She's part of the same corporate elite Democrat establishment that pushed the democratic party far to the right on economic issues, thus eliminating substantive discussion of economic issues and thus fueling red-state anti-gay sentiment (which often is just economic tension mapped onto the politics of sexuality). Given her lack of a populist economic perspective, it's not surprising that Hillary is the preferred candidate of the corporate-owned media, and that includes the corporate-owned gay media. But that's not a bandwagon I want to be on!

And she wants to keep us in Iraq!

Hillary has at least worked on her own to get where she is, and I think that the position of a "wife" is really different from that of a "child"

Yeah, they're even closer relationships. Bush I & II couldn't have pillow talk.

And Bayh for VP? It'll be Edwards or Bayh. She doesn't like Edwards at all. Hence, Bayh. She needs a nice white guy that plays well in Republican-lite circles. She has to appeal to the soccer moms.

What do the others bring to the table? She despises Barack and will get the black vote automatically. Same for Richardson - the hispanics will vote Democratic too. She needs someone that can win moderate/Republican states. Edwards couldn't carry NC last time. Bayh sweeps Indiana each time with some of the highest turnouts and cross over votes possible. He'd take Indiana for her. And probably Arkansas and Ohio. Add the votes - put him on the ticket and she wins. It's all a numbers game.

Bah. I'm not a Hillary supporter. I doubt I'll vote for her in the primary, but as a Hoosier, my vote very much doesn't count in the primary. But I still think she'll get the nomination. My point was simply that all the folks saying "I won't vote for her if she wins" is just like saying "Mitt Romney (or Giuliani or Thompson) is our guy." And we know where saying "there's no difference between the two" got us the last time!

I think they have the campaign machine and the plan to pull of a win. I think if we're going to be supporting a Democrat for president in '08, it's going to be Hillary. And I don't hate her. I think she's wrong on any number of issues. I think there are definitely candidates who are better on OUR issues. But her stance is no different than either of the other two who are the front runners. Edwards, Obama, and Clinton. What is the difference between their stances? Obama comes off as by far the least supportive of our issues. So who is this Democratic dream candidate who supports our issues and is "electable"? John Kerry was supposedly electable too. *spits*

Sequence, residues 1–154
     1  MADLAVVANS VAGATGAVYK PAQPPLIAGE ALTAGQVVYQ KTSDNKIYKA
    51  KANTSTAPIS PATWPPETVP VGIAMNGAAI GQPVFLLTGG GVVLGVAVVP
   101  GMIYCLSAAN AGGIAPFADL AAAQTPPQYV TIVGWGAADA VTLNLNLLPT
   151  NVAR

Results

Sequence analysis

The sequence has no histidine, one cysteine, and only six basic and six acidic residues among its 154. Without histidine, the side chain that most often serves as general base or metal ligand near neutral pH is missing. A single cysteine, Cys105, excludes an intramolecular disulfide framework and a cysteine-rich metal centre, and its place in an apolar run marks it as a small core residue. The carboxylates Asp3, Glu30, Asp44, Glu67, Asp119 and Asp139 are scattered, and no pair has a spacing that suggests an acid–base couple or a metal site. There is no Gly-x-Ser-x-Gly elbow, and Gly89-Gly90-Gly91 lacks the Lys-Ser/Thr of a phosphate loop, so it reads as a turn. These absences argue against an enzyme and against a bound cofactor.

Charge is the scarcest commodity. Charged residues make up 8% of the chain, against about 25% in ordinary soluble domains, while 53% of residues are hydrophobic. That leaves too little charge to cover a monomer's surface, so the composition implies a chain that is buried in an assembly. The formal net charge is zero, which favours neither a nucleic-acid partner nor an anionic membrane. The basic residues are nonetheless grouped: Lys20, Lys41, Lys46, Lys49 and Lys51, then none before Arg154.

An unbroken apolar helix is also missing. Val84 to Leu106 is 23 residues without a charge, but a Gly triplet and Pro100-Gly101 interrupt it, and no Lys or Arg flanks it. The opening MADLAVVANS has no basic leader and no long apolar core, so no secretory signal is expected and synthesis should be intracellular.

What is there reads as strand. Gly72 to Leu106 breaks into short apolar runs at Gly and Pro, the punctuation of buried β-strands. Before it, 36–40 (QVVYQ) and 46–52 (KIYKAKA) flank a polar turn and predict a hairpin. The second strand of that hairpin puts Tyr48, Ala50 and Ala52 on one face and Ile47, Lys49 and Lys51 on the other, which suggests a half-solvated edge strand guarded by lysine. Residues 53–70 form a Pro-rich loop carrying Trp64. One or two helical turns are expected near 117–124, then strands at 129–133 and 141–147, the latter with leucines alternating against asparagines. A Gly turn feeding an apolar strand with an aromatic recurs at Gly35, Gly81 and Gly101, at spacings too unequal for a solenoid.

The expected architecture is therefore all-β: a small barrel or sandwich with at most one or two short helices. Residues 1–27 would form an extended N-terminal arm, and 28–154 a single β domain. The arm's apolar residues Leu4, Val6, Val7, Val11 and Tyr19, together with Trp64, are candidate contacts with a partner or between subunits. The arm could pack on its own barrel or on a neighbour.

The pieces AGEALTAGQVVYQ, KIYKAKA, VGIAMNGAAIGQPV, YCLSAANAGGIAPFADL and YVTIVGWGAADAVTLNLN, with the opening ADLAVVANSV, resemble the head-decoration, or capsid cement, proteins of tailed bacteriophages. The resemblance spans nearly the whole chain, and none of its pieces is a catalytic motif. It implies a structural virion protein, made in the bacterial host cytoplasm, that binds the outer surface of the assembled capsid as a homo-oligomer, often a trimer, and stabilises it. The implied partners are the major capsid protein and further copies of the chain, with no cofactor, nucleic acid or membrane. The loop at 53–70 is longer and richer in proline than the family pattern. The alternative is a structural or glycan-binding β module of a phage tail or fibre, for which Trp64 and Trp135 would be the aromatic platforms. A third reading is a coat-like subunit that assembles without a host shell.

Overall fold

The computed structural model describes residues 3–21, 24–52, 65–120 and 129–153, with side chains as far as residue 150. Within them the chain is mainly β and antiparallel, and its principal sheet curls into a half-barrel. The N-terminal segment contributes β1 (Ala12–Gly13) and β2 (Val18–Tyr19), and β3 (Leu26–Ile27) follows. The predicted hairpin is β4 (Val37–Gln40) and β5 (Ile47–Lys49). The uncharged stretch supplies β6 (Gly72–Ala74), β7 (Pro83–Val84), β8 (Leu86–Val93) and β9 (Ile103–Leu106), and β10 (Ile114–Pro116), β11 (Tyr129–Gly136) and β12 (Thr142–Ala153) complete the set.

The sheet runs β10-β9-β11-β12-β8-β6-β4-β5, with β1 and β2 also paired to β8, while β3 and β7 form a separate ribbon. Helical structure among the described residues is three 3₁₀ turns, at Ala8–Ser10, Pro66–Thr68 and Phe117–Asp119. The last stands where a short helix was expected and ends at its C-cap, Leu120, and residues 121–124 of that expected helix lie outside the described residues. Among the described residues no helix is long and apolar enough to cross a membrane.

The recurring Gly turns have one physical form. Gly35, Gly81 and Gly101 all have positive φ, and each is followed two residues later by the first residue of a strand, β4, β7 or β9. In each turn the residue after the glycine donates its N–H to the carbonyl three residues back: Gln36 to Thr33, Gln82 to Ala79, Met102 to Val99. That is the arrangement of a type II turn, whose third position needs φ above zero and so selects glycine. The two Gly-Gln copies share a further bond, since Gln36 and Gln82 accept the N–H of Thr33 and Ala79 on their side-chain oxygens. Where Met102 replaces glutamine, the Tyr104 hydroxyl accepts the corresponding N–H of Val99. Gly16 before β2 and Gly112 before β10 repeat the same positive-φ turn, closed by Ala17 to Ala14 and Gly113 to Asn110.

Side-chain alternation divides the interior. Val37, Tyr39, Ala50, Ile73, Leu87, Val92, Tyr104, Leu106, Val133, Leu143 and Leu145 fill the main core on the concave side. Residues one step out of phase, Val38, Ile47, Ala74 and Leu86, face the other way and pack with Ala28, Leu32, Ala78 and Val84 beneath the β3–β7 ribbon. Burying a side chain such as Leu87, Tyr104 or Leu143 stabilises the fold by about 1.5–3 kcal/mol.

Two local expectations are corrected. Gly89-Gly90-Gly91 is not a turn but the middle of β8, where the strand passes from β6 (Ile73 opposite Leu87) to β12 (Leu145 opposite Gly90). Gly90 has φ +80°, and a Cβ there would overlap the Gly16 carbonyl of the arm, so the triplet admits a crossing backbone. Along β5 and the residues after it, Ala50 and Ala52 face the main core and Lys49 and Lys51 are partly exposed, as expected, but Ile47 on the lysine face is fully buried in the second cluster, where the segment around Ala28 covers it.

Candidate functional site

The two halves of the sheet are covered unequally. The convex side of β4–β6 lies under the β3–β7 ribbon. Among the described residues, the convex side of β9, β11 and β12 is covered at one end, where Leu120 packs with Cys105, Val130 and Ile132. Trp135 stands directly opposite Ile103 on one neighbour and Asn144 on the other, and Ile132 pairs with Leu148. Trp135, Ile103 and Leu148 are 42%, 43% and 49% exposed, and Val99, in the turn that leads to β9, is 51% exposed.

Besides, if you notice. I was teasing Steve for giving his own fluff to Hillary. It was a tongue in cheek response to a somewhat tongue in cheek post.

That is all.

Doesn't Believe in Messiah | September 24, 2007 7:21 PM

"She doesn't support our community"? Huh? Rather an erroneous black and white statement, Marti. Really, you must get out more. Or at least read Jerame's post in which he correctly points out that her positions are virtually the same as Edwards and Obama.

And he is also right about the challenges of getting everyone to back the final nominee, whether it's Hillary or not, after all of this childish pre nomination in-fighting. We so often make it so easy for the Republicans to win while we tear ourselves apart.

Marti. Really, you must get out more. Or at least read Jerame's post in which he correctly points out that her positions are virtually the same as Edwards and Obama.

That's incorrect. First of all, she's said she'd only repeal parts of DADT... not the entire thing. Secondly, she's not explained what her "civil unions" would consist of. Obama has said that his CU would give gays and lesbians all the rights of marriage. Clinton hasn't said that. In the Logo debates she backed her husband in passing DADT and DOMA. I don't think Obama or Edwards have.